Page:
By Sharna Johnson: CNJ staff writer
Architect Don May called Friday the “kick-off” for a study to determine if Curry County needs a judicial complex.
During a special commission meeting held at the courthouse, May and other members of his firm were on hand to hear a list of objectives for the study from county administration and commissioners.
Rohde, May Keller McNamara Architecture, PC, was recently hired to conduct the analysis. They will also look at how all county properties and facilities can best be used.
One purpose of the meeting was for commissioners and administration to give the firm a list of goals and objectives for the study.
County Manager Lance Pyle listed six goals:
• Studying all county facilities in a plan that is most economical and fiscally prudent for the next 15-25 years.
• Address court security and options.
• Examine infrastructure and plant issues at the jail and give cost effective solutions.
• Evaluate a regional juvenile and adult detention facilities and a judicial complex.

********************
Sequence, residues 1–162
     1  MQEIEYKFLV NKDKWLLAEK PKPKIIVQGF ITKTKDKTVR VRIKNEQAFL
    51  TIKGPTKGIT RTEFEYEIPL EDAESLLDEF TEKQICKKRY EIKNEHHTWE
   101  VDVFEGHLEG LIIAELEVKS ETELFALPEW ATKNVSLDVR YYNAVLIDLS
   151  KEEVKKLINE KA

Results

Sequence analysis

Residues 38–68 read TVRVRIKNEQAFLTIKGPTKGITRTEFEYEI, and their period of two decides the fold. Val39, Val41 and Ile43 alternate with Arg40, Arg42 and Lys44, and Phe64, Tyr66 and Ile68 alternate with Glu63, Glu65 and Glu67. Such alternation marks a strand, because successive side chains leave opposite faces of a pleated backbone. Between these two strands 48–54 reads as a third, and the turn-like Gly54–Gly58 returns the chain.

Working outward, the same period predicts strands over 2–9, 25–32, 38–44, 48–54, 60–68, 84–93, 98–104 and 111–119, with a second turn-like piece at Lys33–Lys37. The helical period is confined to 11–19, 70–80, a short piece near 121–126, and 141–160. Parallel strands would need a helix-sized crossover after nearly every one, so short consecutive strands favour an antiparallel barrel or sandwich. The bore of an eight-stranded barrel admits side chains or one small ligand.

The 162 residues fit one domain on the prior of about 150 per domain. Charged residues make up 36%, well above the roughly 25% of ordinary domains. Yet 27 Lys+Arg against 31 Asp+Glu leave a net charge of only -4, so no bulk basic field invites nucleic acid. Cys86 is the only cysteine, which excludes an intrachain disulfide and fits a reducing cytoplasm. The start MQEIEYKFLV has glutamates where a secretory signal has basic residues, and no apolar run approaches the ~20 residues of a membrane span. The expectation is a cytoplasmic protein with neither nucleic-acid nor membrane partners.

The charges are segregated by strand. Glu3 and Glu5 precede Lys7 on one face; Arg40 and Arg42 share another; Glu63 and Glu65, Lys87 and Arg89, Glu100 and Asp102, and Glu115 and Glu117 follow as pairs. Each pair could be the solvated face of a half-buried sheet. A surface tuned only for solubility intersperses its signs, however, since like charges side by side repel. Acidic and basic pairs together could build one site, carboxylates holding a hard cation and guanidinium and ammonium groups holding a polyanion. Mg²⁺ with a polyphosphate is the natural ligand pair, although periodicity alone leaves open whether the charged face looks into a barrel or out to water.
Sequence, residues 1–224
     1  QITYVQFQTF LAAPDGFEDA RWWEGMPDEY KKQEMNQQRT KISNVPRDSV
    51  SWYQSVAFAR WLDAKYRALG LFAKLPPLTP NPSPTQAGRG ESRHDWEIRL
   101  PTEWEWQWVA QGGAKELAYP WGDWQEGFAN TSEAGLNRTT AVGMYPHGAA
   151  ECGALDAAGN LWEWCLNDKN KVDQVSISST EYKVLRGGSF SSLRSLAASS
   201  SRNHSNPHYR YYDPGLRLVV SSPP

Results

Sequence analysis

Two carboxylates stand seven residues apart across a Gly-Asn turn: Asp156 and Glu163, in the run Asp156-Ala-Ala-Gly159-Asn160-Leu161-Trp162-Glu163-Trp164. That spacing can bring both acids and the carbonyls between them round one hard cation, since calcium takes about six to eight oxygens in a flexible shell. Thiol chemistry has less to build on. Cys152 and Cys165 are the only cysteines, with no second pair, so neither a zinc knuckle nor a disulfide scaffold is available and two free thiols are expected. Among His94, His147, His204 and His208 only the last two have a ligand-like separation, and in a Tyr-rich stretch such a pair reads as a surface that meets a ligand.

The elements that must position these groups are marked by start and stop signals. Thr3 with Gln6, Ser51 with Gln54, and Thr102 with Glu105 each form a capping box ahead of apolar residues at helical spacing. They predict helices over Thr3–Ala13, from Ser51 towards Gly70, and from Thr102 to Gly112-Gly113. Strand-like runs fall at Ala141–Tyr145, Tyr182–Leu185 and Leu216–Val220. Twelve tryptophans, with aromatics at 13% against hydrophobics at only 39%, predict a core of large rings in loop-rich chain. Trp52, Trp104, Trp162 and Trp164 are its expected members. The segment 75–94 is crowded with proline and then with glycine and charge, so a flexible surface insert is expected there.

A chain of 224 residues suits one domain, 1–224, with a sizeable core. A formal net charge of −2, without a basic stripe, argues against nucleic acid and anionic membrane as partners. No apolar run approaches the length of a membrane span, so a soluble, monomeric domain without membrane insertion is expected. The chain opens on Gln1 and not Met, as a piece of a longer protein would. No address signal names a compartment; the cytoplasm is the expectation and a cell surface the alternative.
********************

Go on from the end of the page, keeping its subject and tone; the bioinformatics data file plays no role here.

• A secure, climate controlled location for voting machines.
• Present solutions or recommendations realistic to the county’s ability to fund or find money for them.
Commissioner Caleb Chandler asked May to study the possibility of creating a regional detention facility that would accommodate Curry and Roosevelt County’s needs and to also consider privatization in its evaluation.
“I don’t know if it would be an answer or not but it’s worth looking at,” Chandler said.
Commissioner Wendell Bostwick said he would like to see consideration given to creating a secure location to store electronic data as the county continues to grow technologically.
Commissioners opened the floor to the public.
State Sen. Clint Harden, R-Clovis, suggested the study look at including Quay and De Baca counties in consideration of a regional detention facility.
He also asked that as the issue of court security is analyzed, due consideration be given to how changes might impact other services the community accesses at the courthouse such as the assessor’s, clerks and treasurer’s offices.
May said he and his staff would begin meeting with department heads Friday to start the process .
The process will take place in three phases — data collection, the development of a program, and creating a final master plan.